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Joe Pug and Hezekiah Jones @ Johnny Brenda’s.

May 3, 2013

OLYMPUS DIGITAL CAMERAText and images by Kyle Bagenstose.

You know those cartoons where the music notes kind of drift off into the air, from whatever instrument the character is strumming or blowing into, before slowly disappearing toward the edge of the screen?

OLYMPUS DIGITAL CAMERAOLYMPUS DIGITAL CAMERAOLYMPUS DIGITAL CAMERAOLYMPUS DIGITAL CAMERAThat’s folk artist Joe Pug on stage, whose simple guitar strumming backs stop-and-go lyrics. He sings out a line, recoils, and watches the notes drift away, letting the words sink in, and then comes back to the microphone with increasing fervor as his songs build.

A room full of people witnessed exactly that at Johnny Brenda’s on Wednesday night, as the Chicago-based singer-songwriter brought an upright bassist and electric guitarist on stage with him.

It was a low-key kind of show, the kind where couples swayed gently to the rhythm and the loners listened to Pug’s poignant words thoughtfully.

Lyrically, Pug hovers between the simple (“Speak plainly to me Diana…I don’t mind riding around,” he repeats over and over in “Speak Plainly, Diana“) and the critical (“I seen skeleton mothers and hungry folks… across the street from the kitchens that cookin’ for most” he sings in “Nation of Heat“).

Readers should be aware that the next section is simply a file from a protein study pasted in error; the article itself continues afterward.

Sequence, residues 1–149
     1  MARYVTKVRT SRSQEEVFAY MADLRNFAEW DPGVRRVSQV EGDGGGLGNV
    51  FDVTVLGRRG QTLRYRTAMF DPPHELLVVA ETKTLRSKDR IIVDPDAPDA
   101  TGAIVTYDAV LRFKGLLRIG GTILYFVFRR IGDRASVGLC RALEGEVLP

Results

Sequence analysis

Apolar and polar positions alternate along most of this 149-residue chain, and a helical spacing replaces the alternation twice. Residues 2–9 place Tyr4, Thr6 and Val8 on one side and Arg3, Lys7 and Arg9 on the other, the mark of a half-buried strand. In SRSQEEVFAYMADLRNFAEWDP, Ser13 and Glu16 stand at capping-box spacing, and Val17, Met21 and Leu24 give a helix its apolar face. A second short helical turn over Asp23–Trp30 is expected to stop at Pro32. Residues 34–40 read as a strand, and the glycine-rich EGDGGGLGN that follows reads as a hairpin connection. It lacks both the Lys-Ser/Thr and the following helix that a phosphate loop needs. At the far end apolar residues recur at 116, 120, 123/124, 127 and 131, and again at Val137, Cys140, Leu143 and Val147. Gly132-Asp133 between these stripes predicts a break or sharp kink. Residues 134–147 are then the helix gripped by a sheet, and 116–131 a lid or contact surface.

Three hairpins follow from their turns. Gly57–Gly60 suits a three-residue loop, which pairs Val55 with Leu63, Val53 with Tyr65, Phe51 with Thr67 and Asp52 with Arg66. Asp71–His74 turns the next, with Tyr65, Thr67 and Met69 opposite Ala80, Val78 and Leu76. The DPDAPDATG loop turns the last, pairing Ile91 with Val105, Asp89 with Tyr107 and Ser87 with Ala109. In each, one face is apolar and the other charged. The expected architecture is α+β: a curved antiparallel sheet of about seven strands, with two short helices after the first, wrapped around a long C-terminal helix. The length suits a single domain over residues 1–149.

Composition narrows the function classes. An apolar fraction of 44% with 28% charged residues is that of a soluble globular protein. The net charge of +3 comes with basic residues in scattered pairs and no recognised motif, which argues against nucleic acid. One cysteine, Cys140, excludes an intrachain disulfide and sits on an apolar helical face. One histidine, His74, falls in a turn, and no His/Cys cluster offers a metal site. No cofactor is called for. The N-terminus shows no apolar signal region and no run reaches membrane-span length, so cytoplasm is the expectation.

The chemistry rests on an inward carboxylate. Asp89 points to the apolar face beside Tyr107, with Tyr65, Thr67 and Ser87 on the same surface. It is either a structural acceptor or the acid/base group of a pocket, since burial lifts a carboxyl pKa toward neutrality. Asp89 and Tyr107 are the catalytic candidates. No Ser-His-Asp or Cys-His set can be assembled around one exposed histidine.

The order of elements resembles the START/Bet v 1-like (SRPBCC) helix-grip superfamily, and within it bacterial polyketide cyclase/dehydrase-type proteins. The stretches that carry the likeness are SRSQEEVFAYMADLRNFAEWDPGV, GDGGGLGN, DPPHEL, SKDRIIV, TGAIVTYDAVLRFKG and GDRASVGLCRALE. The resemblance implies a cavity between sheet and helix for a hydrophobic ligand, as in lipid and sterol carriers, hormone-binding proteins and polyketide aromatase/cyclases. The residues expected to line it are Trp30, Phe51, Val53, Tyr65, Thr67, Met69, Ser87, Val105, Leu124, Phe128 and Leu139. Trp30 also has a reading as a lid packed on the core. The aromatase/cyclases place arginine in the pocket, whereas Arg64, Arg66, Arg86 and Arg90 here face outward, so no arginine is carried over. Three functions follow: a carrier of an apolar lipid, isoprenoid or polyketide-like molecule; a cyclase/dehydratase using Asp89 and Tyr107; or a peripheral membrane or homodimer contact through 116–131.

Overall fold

But whatever the words, the former carpenter appears genuine and unassuming on stage: he’s into the music and only says a few soft-spoken words between songs.

Pug’s line of the night did come between songs, when he explained that his band was trying to arrive in Philadelphia early to let a few underage fans listen to their soundcheck, but that the plan blew up when they were delayed.

“But hey, I think that’s a good lesson for them,” Pug said. “Life’s a bitch.”

The audience was also treated to a fantastic opener in local-favorite Hezekiah Jones (Raphael Cutrufello), who took to the stage with the simplest ensemble his up-to-12-man-band appears with: a trio of Hezekiah, upright bassist Pepe Jones (Phil D’Agostino) and Pocono Jones (Brad Hinton) on lap steel.

The band seemed to know what audience they were playing for, strumming their way through a low-key set that had the crowd tapping along. They played a few numbers that they introduced as new material and it might have just been the best stuff they played all night, which bodes well for Hezekiah fans.

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